MS fixes another glitch

Microsoft corrects a problem that prevented users from downloading its FrontPage97 Web authoring and management tool using Netscape's Navigator.

Jeff Pelline Staff Writer, CNET News.com
Jeff Pelline is editor of CNET News.com. Jeff promises to buy a Toyota Prius once hybrid cars are allowed in the carpool lane with solo drivers.
Jeff Pelline
2 min read
Microsoft has corrected a problem that prevented users from downloading its FrontPage97 Web authoring and management tool using Netscape Communications' Navigator browser.

The FrontPage97 problem, reported by CNET yesterday, was the second this month in the distribution of a new Microsoft product. Users had complained that the product could be downloaded using Microsoft's Internet Explorer but not with its archrival browser, Navigator.

The reason: There was no "go to download" button on the Netscape Communications version as there was with IE; the icon had been inadvertently left off.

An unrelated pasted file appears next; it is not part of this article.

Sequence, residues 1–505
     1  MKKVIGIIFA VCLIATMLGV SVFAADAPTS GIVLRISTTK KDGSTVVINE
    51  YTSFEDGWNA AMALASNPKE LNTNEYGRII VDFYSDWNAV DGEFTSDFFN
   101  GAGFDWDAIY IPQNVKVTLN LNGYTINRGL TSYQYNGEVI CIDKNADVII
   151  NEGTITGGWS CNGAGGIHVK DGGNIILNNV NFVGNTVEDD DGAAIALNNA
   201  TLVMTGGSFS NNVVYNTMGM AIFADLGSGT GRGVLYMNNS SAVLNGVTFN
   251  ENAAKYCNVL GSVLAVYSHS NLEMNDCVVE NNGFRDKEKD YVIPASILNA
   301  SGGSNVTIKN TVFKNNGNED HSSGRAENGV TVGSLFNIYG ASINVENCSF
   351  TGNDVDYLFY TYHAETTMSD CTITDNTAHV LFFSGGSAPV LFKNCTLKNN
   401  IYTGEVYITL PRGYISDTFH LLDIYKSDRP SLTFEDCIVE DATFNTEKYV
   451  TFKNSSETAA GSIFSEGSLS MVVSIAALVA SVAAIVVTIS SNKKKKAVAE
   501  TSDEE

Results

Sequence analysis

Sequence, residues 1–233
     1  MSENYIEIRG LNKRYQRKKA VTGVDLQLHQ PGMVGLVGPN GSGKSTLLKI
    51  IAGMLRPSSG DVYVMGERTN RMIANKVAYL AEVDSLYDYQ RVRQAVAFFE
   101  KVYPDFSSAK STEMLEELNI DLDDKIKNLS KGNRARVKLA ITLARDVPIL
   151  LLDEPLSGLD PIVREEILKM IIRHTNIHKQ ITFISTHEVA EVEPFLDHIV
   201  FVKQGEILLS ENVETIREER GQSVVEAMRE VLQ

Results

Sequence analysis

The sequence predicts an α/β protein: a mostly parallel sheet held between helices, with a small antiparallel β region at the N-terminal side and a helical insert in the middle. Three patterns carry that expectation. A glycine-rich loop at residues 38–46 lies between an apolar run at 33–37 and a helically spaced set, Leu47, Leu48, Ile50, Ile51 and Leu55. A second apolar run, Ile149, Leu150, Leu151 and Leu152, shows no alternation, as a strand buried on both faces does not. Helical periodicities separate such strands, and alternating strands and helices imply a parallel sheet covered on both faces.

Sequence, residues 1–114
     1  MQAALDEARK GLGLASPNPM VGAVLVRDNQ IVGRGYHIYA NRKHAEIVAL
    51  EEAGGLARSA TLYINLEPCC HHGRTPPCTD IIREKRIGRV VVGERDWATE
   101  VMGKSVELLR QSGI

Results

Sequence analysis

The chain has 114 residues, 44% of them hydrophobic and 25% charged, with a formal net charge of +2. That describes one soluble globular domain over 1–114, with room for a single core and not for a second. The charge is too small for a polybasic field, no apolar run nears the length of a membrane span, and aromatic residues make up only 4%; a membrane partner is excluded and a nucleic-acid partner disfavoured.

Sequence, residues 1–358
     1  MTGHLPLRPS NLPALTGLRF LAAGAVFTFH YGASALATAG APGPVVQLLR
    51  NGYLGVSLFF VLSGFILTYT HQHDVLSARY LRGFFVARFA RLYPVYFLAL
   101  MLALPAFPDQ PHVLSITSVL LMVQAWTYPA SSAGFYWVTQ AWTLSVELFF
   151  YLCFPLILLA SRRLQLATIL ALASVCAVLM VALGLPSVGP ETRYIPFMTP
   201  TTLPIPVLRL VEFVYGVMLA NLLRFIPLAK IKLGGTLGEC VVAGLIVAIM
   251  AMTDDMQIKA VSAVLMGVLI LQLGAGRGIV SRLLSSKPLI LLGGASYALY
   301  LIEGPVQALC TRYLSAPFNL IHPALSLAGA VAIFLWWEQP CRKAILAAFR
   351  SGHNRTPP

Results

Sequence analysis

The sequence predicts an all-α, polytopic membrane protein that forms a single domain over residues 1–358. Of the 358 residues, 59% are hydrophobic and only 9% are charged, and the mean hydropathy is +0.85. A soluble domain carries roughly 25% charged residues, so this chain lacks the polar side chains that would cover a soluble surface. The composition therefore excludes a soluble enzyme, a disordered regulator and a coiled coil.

FrontPage97 Product Manager Bob Crissman conceded the company made a mistake. The error actually had been corrected after the pages were reviewed, he explained, but the wrong page still got posted.

The distribution mistake, which had nothing to do with FrontPage97 itself, generated a considerable volume of email from frustrated users, he said. Microsoft fixed the problem overnight, posting a new, corrected page for downloading on Navigator.

"It was a dumb error," Crissman said, noting that Microsoft employees are working long hours to get a myriad of products launched on time.

It makes good business sense to distribute the product to Netscape Navigator users, because it's the dominant browser, Crissman said. "We're realistic," he added succinctly.

As CNET reported last week, a glitch in distributing Microsoft's Internet Explorer administration kit temporarily frustrated some users. Microsoft had promised a ten-digit code to activate the software, but the kit came only with a seven-digit code, making it impossible to open the application.

An outside vendor handled the distribution, but Microsoft took responsibility. The problem was fixed the next day.